Next: 4.4 ACIS XRCF Measurement Up: 4 Calibration/Maintenance Previous: 4.2 Optical Blocking Filter
In the XRCF, an ACIS/HRMA calibration was done by collecting data to compare to performance models. This will be followed by study to improve those models by changing the model parameters to best agree with the measured data. The comparison must be carried out as a function of the HRMA/ACIS geometric configuration, incident photon angle and energy, and detector temperature. Measurements did not fill parameter space, but made the best effort to span it in a minimum total integration time. Each quantity was not directly measured at every possible value within the range of every other parameter, but enough were done to scientifically characterize the detector system.
The original calibration plan could not be carried out in its entirety, due to unavoidable delays in the schedule of delivery of the flight instrument to calibration. In order to avoid wasting the calibration facility time, a proxy ACIS instrument was developed by the MIT ACIS team, which consisted of a lab CCD camera electronics and dewar and two CCD chips of the same design as used in the flight chips. This instrument, called the ACIS-2C camera, was used at the XRCF in conjunction with the HRMA to make measurements relating to the single chip relation to the HRMA response. Toward the end of the calibration period, the flight ACIS instrument arrived at XRCF, and data relating especially to the flight chip layout and the gratings dispersed spectra were collected. (Note a third calibration effort was contemplated, but never used due to the arrival of the flight ACIS. An array of non-flight quality chips was prepared (called the XRCF paddle), to enable use of the flight electronics with a CCD array in case the flight paddle was not ready. In the event the flight paddle was actually used at XRCF.)
ACIS data collection at XRCF divided into four intervals, named by the XRCF Phase notation. ACIS-2C was inserted into the XRCF chamber at the start of Phase F. During Phase F the ACIS-2C collected data for 16.86 days, resulting in 10.0 days of data requested by the ACIS team, 5.4 days for the gratings teams, and 1.1 days of problem solving when no useful data resulted. Data collection lasted from 22 Feb 1997 to 10 Mar 1997. When the flight HRC instrument arrived at calibration, it was introduced into the XRCF tank with the ACIS-2C for Phase G. The HRC received priority on testing, and no ACIS-2C measurements were made until the HRC test program was completed. When the HRC program completed, additional ACIS-2C data were collected during Phase G from 10 April to 12 April 1997.
When the flight ACIS instrument arrived, Phase G was terminated and the HRC and ACIS-2C were removed from the XRCF tank. Phase H testing of the flight ACIS provided 8.25 days of test time, divided with 5.2 days for ACIS tests, 2.9 days for gratings and 0.15 days for problem solving. The Phase H testing lasted from 18 April to 26 April 1997, when the HRMA schedule demanded termination to allow the mirrors to leave for spacecraft integration.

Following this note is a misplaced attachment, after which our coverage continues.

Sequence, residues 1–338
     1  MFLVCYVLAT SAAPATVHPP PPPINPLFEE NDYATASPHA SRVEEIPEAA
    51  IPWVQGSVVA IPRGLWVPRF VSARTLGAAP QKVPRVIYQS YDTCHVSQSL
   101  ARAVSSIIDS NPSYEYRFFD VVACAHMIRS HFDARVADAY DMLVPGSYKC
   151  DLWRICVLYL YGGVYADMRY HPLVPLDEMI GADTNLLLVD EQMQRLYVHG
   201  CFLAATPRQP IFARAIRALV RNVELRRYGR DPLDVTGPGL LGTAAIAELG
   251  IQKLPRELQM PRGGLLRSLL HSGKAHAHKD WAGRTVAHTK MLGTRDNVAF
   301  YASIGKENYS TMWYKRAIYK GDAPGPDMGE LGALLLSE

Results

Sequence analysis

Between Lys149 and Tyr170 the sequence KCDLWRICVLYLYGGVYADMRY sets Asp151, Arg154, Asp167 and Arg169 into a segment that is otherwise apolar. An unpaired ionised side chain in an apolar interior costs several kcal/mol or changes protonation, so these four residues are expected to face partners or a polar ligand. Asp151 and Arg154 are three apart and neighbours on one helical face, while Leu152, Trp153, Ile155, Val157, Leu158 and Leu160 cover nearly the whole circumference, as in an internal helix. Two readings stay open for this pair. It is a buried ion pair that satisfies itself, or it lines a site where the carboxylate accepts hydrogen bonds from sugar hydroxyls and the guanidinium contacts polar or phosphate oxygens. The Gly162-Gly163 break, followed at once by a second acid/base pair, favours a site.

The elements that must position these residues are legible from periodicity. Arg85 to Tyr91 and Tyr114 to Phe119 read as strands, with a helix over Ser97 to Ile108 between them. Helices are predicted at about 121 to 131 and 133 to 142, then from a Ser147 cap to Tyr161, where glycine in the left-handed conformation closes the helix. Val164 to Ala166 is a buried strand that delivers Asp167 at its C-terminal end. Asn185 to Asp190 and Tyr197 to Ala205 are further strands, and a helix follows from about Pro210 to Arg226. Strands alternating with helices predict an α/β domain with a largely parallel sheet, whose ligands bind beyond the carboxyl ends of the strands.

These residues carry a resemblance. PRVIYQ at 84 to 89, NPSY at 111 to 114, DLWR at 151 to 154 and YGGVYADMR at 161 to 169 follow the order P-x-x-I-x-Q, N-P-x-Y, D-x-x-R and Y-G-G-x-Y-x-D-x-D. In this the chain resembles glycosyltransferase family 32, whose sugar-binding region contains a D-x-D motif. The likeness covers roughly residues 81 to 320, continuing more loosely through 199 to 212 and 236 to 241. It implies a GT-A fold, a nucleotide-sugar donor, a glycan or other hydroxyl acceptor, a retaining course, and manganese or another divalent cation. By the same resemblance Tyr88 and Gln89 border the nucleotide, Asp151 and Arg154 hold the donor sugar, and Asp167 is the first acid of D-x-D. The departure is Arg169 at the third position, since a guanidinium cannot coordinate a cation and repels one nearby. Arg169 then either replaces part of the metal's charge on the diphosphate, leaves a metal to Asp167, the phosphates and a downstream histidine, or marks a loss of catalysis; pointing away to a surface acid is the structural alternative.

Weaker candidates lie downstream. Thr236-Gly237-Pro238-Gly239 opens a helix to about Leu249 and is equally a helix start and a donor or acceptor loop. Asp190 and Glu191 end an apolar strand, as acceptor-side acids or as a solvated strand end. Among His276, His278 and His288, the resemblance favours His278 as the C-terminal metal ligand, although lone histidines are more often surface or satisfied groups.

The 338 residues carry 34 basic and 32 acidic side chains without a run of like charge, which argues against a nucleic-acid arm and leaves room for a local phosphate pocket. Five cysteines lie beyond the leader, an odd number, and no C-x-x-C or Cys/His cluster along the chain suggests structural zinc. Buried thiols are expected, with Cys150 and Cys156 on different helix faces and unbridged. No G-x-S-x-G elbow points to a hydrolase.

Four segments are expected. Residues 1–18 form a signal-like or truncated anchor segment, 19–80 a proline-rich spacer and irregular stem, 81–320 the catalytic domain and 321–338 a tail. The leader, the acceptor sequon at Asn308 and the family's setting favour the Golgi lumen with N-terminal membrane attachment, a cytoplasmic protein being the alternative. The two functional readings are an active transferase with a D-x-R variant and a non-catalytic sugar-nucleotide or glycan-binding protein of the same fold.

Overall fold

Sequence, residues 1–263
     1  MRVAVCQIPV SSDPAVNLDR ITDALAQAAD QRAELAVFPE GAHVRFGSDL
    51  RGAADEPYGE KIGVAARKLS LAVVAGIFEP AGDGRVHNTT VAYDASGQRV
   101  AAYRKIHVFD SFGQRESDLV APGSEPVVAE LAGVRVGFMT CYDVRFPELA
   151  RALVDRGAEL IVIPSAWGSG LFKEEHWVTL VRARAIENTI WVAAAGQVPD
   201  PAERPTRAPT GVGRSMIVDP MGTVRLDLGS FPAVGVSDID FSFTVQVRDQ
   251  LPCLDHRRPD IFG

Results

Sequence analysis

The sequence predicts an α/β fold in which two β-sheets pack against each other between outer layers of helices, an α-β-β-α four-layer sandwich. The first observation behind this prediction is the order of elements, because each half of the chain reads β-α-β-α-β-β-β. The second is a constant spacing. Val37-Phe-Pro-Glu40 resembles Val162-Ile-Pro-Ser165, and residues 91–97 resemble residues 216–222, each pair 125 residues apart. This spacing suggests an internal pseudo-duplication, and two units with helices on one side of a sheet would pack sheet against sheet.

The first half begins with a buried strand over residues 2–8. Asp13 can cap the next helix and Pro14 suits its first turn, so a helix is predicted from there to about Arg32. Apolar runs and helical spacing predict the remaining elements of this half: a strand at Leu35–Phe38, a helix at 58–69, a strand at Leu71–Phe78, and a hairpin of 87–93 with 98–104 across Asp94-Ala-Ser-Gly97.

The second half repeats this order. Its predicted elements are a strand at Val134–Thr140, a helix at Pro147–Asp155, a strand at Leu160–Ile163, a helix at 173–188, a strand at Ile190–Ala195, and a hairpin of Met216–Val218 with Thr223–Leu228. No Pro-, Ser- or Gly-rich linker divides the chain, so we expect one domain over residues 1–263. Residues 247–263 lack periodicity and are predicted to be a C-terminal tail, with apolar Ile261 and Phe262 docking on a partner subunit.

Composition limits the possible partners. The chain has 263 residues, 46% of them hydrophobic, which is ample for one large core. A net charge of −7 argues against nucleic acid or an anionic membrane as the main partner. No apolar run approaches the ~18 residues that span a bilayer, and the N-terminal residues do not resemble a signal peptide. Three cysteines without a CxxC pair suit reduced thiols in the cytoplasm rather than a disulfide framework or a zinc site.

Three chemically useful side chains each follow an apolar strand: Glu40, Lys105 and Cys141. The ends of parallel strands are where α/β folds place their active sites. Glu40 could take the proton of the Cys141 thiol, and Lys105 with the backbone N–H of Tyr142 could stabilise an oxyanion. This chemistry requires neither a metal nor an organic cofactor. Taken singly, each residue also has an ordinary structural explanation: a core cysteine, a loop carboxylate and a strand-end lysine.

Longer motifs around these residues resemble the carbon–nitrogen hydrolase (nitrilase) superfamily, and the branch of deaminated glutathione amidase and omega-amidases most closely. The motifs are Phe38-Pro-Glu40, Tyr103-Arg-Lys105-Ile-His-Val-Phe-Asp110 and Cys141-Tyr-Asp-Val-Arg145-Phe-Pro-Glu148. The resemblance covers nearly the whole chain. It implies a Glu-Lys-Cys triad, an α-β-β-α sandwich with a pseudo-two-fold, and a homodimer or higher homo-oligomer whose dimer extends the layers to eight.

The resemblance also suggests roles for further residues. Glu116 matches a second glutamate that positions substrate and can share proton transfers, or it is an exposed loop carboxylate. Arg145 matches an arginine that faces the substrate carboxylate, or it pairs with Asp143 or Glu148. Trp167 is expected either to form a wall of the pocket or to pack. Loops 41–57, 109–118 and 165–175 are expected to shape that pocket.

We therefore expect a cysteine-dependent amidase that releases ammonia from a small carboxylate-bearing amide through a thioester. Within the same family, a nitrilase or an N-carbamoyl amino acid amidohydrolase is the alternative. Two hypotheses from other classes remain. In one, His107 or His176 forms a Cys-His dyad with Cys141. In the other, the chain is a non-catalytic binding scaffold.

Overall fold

Following the departure of the HRMA, additional testing using the XRCF sources, without the mirror, but with the flight ACIS instrument, continued at XRCF. These tests were called flat-field tests as they used the XRCF sources to fill the active CCD pixels with roughly uniform illumination. This phase, I, lasted from 8 May to 17 May 1997.
The specific types tests, which were not mutually exclusive but have different emphases, were:
The XRCF testing was arranged into types of test and each test was assigned a unique identifier based on a system suggested by TRW. These identifiers are known as TRW IDs. We present the list of measurements made at XRCF in thematic blocks. This structure corresponds to the basic philosophy behind the ACIS XRCF calibration. Because we cannot directly measure all possible observing situations (and because we will need to correct the XRCF results to zero-gravity and infinite source distance) the actual calibration results are models which acceptably reproduce the XRCF results collected during calibration. Because XRCF time was so critically short, we tried to be as efficient as possible in testing the models.
Hence the strategy was to explore the response of the instrument/HRMA to variation of single parameters, concentrating largely on the values expected during flight. In every way possible, we wish to minimize uncontrolled variation, and hence we choose to group measurements into blocks, which should be executed in a systematic manner, minimizing the chance of unforeseen variations in the other parameters or behavior of the instrument or facility.